“At the core of our group, we simply love books. We treasure them. They’re some of our best friends,” says Erickson Mills. Observing how her love of reading accelerated at Scripps, today she looks at the practice as a gift. “When I think of people who can’t travel or have a lot of life experiences, I remember I’ve traveled all around the world because of what I’ve read. Fun books or serious, reading opens so many doors.”

A Support System That’s Bigger Than Books

The longevity of these book clubs is impressive. Pasadena members have been going strong for more than a decade; Tucson for 17 years; San Diego and New Jersey/Connecticut for at least twenty years.

Since the pandemic, several have switched to meeting over Zoom, while others have found ways to connect in person at one another’s homes, chatting over a meal. Outgrowths happen, too, like Erickson Mills’ book club for the Class of ’79 and Cerino’s online gatherings with her Class of ’70 peers. Over the years, members have moved or married; started families or mourned a loss. While books brought these alumnae together, their relationships remain the true binding.

“I’m grateful for the mentorship I’ve received, being able to lean on others who have already gone through raising teenagers, managing the transition of your children going to college,” says Daifotis. “Our group has spanned generations, life and career experiences, political perspectives—we’ve built a sisterhood.”

Cerino agrees, sharing that when she was going through chemotherapy after a breast cancer diagnosis, the Scripps community was there for her—especially her club members. They’ve become a support system, she says, nurturing friendships that exist outside their gatherings.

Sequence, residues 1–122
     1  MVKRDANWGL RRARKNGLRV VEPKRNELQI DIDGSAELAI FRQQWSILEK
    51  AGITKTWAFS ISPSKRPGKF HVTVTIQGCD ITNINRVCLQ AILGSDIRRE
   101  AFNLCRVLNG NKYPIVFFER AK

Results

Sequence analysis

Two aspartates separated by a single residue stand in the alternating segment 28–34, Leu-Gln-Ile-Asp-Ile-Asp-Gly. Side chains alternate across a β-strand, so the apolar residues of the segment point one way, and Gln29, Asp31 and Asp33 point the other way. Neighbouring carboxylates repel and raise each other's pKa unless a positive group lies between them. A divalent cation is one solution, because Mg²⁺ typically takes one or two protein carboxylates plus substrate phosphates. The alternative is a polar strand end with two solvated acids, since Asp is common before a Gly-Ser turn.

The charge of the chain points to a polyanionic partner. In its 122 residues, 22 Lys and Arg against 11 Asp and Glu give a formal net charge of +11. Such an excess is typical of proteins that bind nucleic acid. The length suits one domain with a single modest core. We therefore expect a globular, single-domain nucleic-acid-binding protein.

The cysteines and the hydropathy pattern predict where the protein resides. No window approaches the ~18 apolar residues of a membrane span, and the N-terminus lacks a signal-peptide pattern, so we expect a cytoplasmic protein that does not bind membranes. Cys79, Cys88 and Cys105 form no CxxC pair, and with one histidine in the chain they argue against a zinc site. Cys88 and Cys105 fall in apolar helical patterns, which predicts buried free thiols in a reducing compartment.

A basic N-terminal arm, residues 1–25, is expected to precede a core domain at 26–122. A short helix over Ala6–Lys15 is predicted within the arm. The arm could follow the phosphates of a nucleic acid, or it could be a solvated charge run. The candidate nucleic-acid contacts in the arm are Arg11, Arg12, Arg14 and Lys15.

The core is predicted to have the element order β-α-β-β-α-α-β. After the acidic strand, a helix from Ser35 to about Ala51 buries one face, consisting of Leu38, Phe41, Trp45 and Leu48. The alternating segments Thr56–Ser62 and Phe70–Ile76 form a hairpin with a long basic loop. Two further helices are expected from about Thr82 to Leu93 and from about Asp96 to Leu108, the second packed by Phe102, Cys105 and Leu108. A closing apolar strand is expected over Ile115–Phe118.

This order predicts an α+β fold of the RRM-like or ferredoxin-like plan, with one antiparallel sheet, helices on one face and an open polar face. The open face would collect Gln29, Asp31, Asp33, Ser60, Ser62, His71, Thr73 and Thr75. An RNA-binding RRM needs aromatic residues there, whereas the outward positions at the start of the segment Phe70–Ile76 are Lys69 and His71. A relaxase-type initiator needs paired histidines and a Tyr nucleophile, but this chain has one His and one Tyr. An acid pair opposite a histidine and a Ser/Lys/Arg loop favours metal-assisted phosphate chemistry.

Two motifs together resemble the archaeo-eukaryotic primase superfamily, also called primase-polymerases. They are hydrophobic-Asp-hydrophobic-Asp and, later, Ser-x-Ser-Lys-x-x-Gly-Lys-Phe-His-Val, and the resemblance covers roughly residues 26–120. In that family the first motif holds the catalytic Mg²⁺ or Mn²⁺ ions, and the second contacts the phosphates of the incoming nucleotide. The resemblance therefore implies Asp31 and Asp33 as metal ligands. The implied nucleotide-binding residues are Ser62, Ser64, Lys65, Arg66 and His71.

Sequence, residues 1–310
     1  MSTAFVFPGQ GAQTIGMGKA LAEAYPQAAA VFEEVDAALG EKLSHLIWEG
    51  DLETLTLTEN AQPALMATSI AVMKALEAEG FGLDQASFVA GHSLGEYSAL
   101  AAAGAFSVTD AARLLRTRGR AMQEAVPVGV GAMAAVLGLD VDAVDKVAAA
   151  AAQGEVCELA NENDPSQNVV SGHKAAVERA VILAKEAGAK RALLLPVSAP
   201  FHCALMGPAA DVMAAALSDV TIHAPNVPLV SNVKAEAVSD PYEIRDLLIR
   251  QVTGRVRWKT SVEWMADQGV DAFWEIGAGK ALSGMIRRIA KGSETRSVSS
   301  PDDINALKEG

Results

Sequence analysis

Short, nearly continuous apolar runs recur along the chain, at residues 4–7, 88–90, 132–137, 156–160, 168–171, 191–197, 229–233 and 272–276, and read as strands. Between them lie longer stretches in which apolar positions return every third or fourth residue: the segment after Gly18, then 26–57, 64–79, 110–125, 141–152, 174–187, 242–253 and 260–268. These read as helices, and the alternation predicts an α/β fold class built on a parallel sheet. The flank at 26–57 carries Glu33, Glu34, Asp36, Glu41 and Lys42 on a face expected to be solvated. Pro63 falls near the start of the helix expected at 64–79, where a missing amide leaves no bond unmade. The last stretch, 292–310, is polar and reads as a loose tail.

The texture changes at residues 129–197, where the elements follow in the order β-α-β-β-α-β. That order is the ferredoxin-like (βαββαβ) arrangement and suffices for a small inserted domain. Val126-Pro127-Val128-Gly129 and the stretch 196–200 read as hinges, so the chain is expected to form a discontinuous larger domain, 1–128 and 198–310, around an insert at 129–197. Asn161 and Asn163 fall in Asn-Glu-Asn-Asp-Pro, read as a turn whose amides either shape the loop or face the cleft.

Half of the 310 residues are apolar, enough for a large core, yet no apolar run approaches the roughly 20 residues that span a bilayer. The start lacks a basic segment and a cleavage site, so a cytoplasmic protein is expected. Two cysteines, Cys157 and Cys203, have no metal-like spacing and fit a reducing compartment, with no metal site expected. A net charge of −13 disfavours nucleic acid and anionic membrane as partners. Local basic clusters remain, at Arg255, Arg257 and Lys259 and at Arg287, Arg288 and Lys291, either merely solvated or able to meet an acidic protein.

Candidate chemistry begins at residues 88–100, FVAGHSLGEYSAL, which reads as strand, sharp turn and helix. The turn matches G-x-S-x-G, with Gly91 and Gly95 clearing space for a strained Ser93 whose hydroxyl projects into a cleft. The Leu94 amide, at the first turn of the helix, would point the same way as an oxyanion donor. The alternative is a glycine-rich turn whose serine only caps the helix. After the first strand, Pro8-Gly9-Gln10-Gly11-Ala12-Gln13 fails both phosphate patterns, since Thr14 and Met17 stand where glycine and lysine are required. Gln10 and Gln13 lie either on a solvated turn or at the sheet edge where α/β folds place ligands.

Even for Bruner, Armijo, and Erickson Mills, who all belong to other non-Scripps book clubs, sustaining their alum connection remains a priority.

“What’s lovely is that we have this shared life experience that helps connect us in a way that we wouldn’t with a disparate group,” says Erickson Mills, adding there are nights when book discussion may last a few minutes before catching up takes over. “Scripps has this really strong bond.”

That emphasis on bonding through writing continues today at the College, most recently in its upcoming author salon series. Hosted by President Suzanne Keen, award-winning writers will engage in thought-provoking chats with Scripps alums, parents, and friends in free events around the country. The salons aim to reflect the same quality of conversation Armijo values among her own group members—no matter the book or topic.

“The focus in critical thinking has lent itself to book clubs that explore the world and listen to different opinions,” she says. “It speaks to the level of education that we got at Scripps.”

Put another way, as Daifotis reflects on Scripps’ goal to “educate women to develop their intellects and talents through active participation in a community of scholars, so that as graduates they may contribute to society through public and private lives of leadership, service, integrity, and creativity”:

“Book groups are a living and breathing example of the mission of the College.”

If you belong to an existing book club or other alumnae group and would like to share with the broader Scripps alum community, please contact the Office of Alumnae Engagement at [email protected].

If you’re a Scripps alum who is interested in joining a book club or learning how to begin one, please contact the below alumnae in your area.

Barbara Bruner ’76
Pasadena, California

Katherine Cerino ’70
Tucson, Arizona; Class of ’70 gatherings (non-book club)

Caroline Daifotis ’81, P’19
Northern New Jersey; Westchester, New York; Southern Connecticut

Debra Erickson Mills ’79
San Diego, California; Class of ’79